Suffolk judges to tackle Bronx felony backlog

Judge Randall Hinrichs. (Oct. 2009)

Judge Randall Hinrichs. (Oct. 2009) (Credit: James Carbone)

Four Suffolk County judges have volunteered to serve on a judicial "SWAT team" tackling a major backlog of felony cases in the Bronx.

Suffolk County Administrative Judge C. Randall Hinrichs, and justices Joseph Santorelli, William Condon and Andrew Crecca, will join a pool of experienced judges from across the state, officials said Tuesday.

"These judges who volunteered are at the higher echelon of our court administration and are the cream of the crop," Bronx County Administrative Judge Douglas McKeon said of the Suffolk jurists.

"We are pleased to participate and are aware that the full extent of our participation is an evolving process," said Hinrichs, adding that steps will be taken to "minimize any adverse effect" on Suffolk caseloads.

Beginning next month and continuing for a half-year, the borough's oldest felony cases will either be brought to trial or resolved through plea deals under the special arrangement, court officials said.

The state's chief judge, Jonathan Lippman, has said the "SWAT team" will initially work on 271 felony cases that are at least 3 years old.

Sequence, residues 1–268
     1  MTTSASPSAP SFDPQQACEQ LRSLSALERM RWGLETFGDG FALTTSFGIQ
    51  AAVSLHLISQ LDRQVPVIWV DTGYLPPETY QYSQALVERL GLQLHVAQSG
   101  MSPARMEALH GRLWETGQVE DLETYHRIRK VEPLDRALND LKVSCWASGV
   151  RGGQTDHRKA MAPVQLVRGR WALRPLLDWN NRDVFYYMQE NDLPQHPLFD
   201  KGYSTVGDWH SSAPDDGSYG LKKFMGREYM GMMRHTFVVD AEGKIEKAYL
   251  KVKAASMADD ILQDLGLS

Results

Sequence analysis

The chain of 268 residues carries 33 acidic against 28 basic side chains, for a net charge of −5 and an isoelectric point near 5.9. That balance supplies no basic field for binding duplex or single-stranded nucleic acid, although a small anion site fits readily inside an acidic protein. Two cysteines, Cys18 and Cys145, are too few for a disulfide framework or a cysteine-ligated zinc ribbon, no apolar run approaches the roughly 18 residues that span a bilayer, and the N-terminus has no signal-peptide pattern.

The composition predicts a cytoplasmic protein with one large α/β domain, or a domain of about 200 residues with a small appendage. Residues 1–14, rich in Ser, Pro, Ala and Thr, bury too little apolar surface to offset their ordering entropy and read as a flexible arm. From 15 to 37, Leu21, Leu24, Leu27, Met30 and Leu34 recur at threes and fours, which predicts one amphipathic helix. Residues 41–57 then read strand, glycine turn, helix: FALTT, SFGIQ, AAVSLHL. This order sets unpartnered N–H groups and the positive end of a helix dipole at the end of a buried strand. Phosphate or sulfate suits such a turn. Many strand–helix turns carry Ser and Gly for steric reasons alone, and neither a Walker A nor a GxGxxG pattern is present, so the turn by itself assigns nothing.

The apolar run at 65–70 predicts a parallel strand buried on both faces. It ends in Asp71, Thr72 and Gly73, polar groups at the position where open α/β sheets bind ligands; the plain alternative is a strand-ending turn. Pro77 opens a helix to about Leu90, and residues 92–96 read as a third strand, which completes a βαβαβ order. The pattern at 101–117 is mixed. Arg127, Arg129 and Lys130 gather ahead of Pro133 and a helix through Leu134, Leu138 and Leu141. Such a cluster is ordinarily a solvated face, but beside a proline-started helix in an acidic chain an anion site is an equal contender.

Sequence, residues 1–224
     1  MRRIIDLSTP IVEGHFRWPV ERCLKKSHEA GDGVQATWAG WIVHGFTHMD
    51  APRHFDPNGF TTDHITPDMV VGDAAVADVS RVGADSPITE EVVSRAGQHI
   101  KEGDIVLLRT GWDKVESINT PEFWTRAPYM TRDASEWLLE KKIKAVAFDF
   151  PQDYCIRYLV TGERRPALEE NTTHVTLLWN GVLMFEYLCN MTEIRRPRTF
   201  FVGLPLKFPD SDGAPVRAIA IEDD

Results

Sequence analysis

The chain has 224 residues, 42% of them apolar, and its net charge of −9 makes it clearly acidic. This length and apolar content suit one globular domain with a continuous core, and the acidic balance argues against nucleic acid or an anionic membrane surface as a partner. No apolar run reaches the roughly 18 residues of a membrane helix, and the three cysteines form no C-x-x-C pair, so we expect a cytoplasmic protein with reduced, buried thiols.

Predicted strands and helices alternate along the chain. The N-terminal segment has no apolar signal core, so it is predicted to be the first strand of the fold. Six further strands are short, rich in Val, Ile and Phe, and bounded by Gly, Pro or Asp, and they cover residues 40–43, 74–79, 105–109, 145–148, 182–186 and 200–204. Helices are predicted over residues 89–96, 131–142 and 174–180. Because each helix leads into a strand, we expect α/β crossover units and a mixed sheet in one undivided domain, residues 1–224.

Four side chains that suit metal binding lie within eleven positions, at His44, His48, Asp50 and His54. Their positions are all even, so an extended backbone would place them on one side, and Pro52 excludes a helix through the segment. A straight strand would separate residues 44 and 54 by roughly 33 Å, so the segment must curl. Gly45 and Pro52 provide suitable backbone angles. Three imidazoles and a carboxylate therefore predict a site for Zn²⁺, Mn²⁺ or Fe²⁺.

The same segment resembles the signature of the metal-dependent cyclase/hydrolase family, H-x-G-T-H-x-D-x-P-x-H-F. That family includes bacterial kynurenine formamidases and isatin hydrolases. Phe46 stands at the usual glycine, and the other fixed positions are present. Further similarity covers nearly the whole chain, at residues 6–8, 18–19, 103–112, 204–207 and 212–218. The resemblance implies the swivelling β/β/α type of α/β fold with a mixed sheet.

The Bronx also has 931 felony cases that are at least 2 years old -- the most in the city, records show. The borough with the second-largest number of outstanding felony cases that old is Manhattan, with 217.

Under state guidelines, felony cases should be resolved within six months of their filing. But the Bronx has 3,690 felony cases that are at least that old, accounting for 73 percent of total felony cases in the borough's court system, records show.

The numbers for the other boroughs are 52 percent in Queens; 48 percent in Brooklyn; 44 percent in Manhattan; and 25 percent on Staten Island, records show.

The Bronx case backlog began to spiral out of control after the 2004 merger of the Bronx Criminal Court, which usually handles misdemeanors, and the borough's Supreme Court, which handles felonies.

Lippman's predecessor as chief judge, Judith Kaye, merged the courts in an effort to relieve a backlog of misdemeanor cases. Kaye cut into the backlog by sending those cases to Bronx Supreme Court justices between felony trials.

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